The size was liberating and that weight just felt so… perfect. Shooting an all-manual, analogue’esque digital camera was an experience I had desperately longed for. The M9 in this regard made shooting the most fun and satisfying experience I’ve ever had with a digital camera, period. Understanding the shocking difference between the rather poor LCD playback screen and the actual DNG file allowed for a confidence and comfort in taking time to meter, compose, shoot, move on and not worry about reviewing or over thinking it. I have always preferred to compose in-camera and as such it took me a little time to get used to the framelines and parallax, but this was just an issue of practice.
I’m ecstatic, energized, quenched and even with faith in the possibilities of shooting digital. By no means am I giving up my cherished analogue films and formats, but the convenience of the M9’s size, image quality and operation is as unbelievable as it is unique as it is seductive. It took me a little to get accustomed to Lightroom, but I’ve embraced the software for M9 workflow and am really pleased with it. The price even in assembling a used kit is brutal and near other-worldly, but like many have said before regarding this, investing in a Leica is not about the money, but about shooting in a way that is opened up by closing down. Gone are the countless and overwhelming menus and controls that keep thumbs and index fingers over-exercised.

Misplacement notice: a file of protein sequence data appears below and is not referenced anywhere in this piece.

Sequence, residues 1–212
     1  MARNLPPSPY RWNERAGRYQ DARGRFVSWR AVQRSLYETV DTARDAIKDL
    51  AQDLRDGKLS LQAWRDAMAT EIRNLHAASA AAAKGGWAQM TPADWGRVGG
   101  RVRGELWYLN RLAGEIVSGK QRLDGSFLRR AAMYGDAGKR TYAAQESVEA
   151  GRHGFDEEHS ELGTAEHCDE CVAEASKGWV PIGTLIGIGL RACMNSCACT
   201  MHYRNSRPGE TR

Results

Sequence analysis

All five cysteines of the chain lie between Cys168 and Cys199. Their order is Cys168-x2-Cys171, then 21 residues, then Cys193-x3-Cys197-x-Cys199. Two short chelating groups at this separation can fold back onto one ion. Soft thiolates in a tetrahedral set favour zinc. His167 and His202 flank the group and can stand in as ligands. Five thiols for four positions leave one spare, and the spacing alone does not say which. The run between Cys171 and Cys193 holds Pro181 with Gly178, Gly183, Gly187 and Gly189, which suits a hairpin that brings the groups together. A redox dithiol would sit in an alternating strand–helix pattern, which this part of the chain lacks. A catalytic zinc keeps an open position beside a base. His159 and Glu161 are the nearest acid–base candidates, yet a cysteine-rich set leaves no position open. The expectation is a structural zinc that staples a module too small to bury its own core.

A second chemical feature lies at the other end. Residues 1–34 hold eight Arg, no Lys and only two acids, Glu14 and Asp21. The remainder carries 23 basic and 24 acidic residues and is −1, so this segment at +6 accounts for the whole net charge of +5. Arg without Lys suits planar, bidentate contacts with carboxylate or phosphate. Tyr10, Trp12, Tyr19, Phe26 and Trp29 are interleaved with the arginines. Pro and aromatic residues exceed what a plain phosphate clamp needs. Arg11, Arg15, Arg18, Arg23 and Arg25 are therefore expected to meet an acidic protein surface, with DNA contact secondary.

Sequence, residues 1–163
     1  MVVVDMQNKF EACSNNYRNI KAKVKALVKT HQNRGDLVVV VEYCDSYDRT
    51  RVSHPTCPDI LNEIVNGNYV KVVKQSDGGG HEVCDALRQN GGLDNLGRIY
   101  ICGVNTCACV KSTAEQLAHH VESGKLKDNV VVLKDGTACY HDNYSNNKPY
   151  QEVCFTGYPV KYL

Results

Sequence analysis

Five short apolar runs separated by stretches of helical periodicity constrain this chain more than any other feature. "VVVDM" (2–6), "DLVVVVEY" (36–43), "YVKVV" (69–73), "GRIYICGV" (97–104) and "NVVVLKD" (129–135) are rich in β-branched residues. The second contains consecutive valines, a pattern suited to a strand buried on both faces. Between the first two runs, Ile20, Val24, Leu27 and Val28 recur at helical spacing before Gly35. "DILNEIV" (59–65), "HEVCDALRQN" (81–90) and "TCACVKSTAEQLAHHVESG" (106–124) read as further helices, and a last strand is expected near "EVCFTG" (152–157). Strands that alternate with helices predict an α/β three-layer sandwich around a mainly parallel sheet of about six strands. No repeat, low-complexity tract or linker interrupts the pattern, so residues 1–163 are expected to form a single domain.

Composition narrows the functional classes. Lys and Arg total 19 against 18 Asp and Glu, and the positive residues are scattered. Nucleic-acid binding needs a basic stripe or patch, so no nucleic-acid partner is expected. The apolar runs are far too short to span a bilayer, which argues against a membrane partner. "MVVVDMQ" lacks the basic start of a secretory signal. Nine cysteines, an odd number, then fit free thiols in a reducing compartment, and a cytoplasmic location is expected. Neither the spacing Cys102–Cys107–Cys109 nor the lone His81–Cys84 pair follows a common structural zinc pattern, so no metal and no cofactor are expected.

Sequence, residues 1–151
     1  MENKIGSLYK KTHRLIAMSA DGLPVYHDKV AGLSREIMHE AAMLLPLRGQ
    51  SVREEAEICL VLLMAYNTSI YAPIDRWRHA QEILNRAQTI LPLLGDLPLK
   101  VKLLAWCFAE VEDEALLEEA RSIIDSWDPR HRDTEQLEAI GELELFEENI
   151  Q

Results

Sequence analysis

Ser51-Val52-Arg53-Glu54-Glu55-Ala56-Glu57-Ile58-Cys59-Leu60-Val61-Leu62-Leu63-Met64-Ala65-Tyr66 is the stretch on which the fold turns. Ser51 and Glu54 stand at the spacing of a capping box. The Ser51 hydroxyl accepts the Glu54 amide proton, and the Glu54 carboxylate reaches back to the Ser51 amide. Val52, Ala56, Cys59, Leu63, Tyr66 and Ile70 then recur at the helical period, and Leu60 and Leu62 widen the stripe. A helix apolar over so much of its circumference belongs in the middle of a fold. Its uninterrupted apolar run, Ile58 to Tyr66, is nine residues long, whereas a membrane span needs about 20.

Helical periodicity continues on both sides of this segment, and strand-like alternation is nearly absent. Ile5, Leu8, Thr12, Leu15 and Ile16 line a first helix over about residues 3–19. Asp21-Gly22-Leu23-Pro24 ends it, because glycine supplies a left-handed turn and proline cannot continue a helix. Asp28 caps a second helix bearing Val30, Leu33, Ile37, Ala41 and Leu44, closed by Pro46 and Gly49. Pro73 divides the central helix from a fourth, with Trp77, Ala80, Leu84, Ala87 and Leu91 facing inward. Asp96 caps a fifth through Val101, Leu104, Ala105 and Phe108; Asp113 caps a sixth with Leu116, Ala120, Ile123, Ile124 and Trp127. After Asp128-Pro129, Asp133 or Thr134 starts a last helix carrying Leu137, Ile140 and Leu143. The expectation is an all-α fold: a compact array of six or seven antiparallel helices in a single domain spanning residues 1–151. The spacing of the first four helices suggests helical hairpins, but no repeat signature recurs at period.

In Havana I covered my M9 and Leica logos with electrical tape. One day, another tourist walked by me once and then again, his eyes pointed slightly downwards. “I know that’s a Leica!” he cheered to me as a dSLR weighed down his neck. “I shot the best photos with mine years ago – what a great camera, what a great camera,” he waxed nostalgically with pride. We, two visitors, far from home, happily shared a few words about Leica and photography. And we were in mutual agreement: these really are damn good and damn unique cameras.
Erik Benjamins works in optimistic pursuit of a choreography between the culinary, performing and visual arts. He recently received his MFA in Studio Art from the School of the Museum of Fine Arts, Boston in affiliation with Tufts University and now spends his time between Boston and Los Angeles. http://www.erikbenjamins.com